Often referred to as “the heart” of Unity, cofounder Myrtle Fillmore was known for her thoughtful, joy-filled letters to people throughout the world who requested prayer.

She and Charles Fillmore met in 1876 and married in 1881. It was her personal healing experience with prayer that led to the creation of the Silent Unity prayer ministry. The couple founded the international Unity movement in 1889 in Kansas City, Missouri, and the Society of Silent Help, now Silent Unity®, the following year.

It was not until 1948, 17 years after Myrtle’s transition, that Charles Fillmore would ask area artist Daniel MacMorris, a painter known for his portraits of celebrities and community leaders, to create a “bas-relief” of Myrtle. The art was commissioned and the result was two sculptured pieces. One is on display in the Unity Archives, located on the Unity Village campus, and the other can be seen at the Myrtle Fillmore Prayer Chapel at Unity Temple on the Plaza in Kansas City, Missouri.

A relief is a sculptural technique where the sculpted elements are attached to a solid background of the same material.

The word comes from a Latin verb relevo, which means “to raise,” and a reference to high or low indicates the sculptured pieces’ height. Bas comes from the Italian basso-relievo, which is translated “low relief.” So in the Unity “bas-relief,” the sculpted shapes that make up Myrtle Fillmore’s portrait are raised only slightly higher than its background. (Among the most famous relief sculptures of the 20th century is the Mount Rushmore National Memorial.)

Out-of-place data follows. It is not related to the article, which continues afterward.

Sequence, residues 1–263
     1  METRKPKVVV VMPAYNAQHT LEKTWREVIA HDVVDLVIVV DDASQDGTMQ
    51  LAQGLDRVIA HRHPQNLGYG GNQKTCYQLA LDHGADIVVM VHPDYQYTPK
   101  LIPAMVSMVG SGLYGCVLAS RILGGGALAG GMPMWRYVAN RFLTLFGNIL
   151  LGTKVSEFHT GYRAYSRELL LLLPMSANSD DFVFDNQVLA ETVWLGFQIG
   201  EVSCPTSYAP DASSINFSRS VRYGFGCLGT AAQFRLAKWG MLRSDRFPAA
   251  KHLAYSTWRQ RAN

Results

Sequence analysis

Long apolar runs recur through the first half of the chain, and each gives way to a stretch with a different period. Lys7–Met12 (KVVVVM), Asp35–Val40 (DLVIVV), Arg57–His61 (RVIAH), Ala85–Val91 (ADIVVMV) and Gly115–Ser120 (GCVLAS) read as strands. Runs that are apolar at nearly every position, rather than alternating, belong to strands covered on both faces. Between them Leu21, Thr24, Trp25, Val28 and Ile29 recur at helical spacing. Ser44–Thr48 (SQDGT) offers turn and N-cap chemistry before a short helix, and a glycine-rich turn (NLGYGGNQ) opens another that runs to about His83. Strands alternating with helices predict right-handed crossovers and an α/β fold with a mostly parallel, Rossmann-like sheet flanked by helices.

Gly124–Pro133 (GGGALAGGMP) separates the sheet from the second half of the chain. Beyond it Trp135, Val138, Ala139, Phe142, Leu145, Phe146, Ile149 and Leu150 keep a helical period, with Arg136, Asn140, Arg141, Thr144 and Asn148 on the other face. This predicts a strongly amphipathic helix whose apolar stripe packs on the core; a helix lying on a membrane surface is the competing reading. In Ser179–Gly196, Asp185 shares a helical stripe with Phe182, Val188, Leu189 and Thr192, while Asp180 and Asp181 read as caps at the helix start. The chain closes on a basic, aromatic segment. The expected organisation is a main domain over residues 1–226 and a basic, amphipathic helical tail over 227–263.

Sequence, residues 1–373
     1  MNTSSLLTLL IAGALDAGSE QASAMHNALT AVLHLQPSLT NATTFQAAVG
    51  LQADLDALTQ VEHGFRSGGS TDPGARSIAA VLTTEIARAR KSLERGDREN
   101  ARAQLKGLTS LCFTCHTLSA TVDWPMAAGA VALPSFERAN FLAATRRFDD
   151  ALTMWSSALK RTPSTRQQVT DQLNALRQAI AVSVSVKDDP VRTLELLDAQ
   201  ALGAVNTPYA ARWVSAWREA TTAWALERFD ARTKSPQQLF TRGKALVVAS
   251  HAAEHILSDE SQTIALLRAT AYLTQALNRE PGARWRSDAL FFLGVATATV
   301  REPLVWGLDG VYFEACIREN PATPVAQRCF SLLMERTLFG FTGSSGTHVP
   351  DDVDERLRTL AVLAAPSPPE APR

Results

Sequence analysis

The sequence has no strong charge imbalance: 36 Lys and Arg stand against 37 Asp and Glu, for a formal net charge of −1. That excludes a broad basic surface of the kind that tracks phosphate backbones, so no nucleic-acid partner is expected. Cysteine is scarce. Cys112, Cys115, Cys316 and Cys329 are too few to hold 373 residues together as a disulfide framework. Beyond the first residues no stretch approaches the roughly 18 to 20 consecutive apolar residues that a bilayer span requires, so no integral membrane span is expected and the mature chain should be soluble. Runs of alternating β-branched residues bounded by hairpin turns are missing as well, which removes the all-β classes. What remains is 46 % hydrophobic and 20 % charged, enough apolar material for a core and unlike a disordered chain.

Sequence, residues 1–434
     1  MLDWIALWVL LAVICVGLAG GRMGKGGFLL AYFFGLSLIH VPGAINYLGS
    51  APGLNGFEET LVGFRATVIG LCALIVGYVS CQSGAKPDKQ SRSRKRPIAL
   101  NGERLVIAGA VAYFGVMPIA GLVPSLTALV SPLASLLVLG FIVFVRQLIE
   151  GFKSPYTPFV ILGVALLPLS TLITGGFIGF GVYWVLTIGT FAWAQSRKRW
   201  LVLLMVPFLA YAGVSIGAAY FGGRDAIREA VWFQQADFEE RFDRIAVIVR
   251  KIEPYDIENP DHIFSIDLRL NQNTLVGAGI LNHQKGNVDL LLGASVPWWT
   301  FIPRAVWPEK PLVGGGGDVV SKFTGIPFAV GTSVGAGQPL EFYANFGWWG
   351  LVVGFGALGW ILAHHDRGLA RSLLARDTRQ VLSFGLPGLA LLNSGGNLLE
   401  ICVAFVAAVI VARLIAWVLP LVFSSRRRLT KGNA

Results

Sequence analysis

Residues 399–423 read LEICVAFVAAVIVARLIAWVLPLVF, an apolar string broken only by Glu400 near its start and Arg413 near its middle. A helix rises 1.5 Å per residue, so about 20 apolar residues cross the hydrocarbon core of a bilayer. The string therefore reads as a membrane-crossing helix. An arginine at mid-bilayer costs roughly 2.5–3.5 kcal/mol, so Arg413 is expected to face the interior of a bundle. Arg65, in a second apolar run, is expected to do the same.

The gentle and beautiful art piece on display in the Unity Archives sits on a mantle above the fireplace in what was once Myrtle’s office, situated across the way from Charles’ office. Visitors to the archives can see the couple’s offices, which were separated by their assistants’ two offices. The space was made into the one-room Archives office.

The other sculpture adorns the sweet chapel named for Myrtle Page Fillmore at Unity Temple on the Plaza. Originally, Charles Fillmore had envisioned Unity Temple itself being named for her. The lot in the Country Club Plaza District was purchased in 1928 to build a larger facility for the ministry’s downtown Kansas City congregation. Neither Charles nor Myrtle would live to see construction complete. Unity Temple came under the guidance of succeeding ministers as well as a different name by the time it opened on Easter Sunday 1950.


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